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Unstable expansion of the CAG trinucleotide repeat in MAB21L1: report of a second pedigree and effect on protein expression

Abstract

MAB21L1, originally termed CAGR1, is the human homologue of the C elegans cell fate determining genemab21. MAB21L1, mapped to 13q13, contains a highly polymorphic 5′ untranslated CAG repeat that normally ranges from six to 31 triplets in length. A pedigree has been previously reported in which the repeat length is expanded to 45-50 triplets and is transmitted unstably between generations; the expansion did not correlate to a clinical phenotype but did exhibit somatic mosaicism. We now report a second pedigree with an expanded and unstably transmitted MAB21L1 CAG repeat of similar length. The expansion is not clearly associated with a clinical phenotype, though the complexity of the pedigree renders any conclusion concerning phenotype-genotype relationships speculative. The expansion did not result in decreased expression of MAB21L1 protein. The length, C-G rich composition, somatic mosaicism, and unstable transmission of the expanded CAG repeat in MAB21L1 resemble the premutations observed in other genes, such as FMR1 and MDPK, in which longer expanded repeats are associated with a clinical phenotype. This raises the possibility that longer expansions in the MAB21L1 repeat may also be associated with a clinical phenotype.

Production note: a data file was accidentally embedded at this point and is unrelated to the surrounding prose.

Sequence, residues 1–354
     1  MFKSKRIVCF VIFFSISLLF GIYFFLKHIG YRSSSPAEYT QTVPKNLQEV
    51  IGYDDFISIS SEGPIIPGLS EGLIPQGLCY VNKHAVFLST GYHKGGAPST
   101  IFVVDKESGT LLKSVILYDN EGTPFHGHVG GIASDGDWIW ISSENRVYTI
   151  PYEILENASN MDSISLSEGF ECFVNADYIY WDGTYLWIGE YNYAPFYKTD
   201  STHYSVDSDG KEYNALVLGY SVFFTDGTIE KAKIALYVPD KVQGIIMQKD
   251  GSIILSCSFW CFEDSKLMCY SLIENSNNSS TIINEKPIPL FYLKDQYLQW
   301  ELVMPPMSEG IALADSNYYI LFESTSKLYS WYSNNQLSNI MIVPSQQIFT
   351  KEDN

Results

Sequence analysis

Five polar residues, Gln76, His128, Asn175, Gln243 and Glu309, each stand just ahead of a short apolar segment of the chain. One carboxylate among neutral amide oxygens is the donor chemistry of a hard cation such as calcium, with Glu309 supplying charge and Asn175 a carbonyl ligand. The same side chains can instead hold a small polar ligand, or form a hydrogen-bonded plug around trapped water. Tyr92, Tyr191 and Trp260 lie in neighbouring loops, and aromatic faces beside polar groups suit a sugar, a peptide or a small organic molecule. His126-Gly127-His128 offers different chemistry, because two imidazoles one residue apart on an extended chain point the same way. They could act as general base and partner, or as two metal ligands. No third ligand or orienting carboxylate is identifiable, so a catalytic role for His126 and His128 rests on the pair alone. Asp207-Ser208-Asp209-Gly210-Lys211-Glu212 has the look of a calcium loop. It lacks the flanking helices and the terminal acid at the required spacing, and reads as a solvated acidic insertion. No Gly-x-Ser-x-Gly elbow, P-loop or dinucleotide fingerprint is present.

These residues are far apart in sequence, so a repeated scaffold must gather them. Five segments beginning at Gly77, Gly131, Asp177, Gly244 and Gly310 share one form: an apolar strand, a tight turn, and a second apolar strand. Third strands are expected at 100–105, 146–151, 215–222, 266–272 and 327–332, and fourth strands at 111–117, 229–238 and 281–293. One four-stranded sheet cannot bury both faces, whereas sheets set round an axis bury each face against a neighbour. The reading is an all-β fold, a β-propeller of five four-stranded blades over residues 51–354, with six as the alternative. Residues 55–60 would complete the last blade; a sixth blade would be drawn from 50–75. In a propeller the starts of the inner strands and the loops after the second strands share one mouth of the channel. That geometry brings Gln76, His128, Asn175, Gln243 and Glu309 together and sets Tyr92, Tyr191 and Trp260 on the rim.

• trinucleotide
  • repeat
  • expansion
  • MAB21L1

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Trinucleotide repeat expansions are now known to result in at least 13 diseases. Of these, eight are CAG repeats that encode glutamine and lead to neurodegeneration.1-3 The other expansions, of various types, induce disease by several different mechanisms. For instance, a CGG expansion in the 5′ untranslated region of FMR1 causes fragile X syndrome type A through a decrease in gene transcription.4 Expansion of the GAA repeat in an intron of frataxin causes Friedreich’s ataxia,5 perhaps through anomalies of RNA splicing, loss of protein expression, and subsequent mitochondrial dysfunction.6 CTG expansion in the 3′ untranslated region of MDPK leads to myotonic dystrophy,7-9 presumably through poorly understood effects on the expression of MDPK and surrounding genes.10

We have described a human gene, originally termed CAGR1 and now known as MAB21L1 (GenBank U38810), mapping to 13q13 and containing a highly polymorphic 5′ untranslated CAG repeat.11 Of particular interest, MAB21L1 is homologous to the mab21gene found in the nematode C elegans. Mutations in mab21 result in mutant nematodes with abnormal differentiation of neuronal and epithelial cells, and consequent dysmorphic development and abnormal behaviour.12 The gene therefore appears essential for determining cell fate in part of the C eleganssensory apparatus, and perhaps in other regions.

The CAG repeat in MAB21L1 normally ranges from six to 31 triplets in length as ascertained in 1610 chromosomes,11 13 with a heterozygosity of 88% and no evidence of meiotic or somatic instability. In addition, Potter13 detected an allele with 50 triplets in a proband with idiopathic mental retardation and early signs of attention deficit/hyperactivity disorder. Alleles in three other subjects from two previous generations of this family were also expanded, with repeat length ranging from 45 to 51 repeats. Repeat length tended to increase in subsequent generations, but the long allele was not associated with a phenotypic abnormality. The original description of MAB21L111 also included a single subject from an independent pedigree (No 508) with a repeat of 46 triplets. Analysis of genomic DNA derived from peripheral leucocytes showed somatic mosaicism of the expanded repeats in both pedigrees.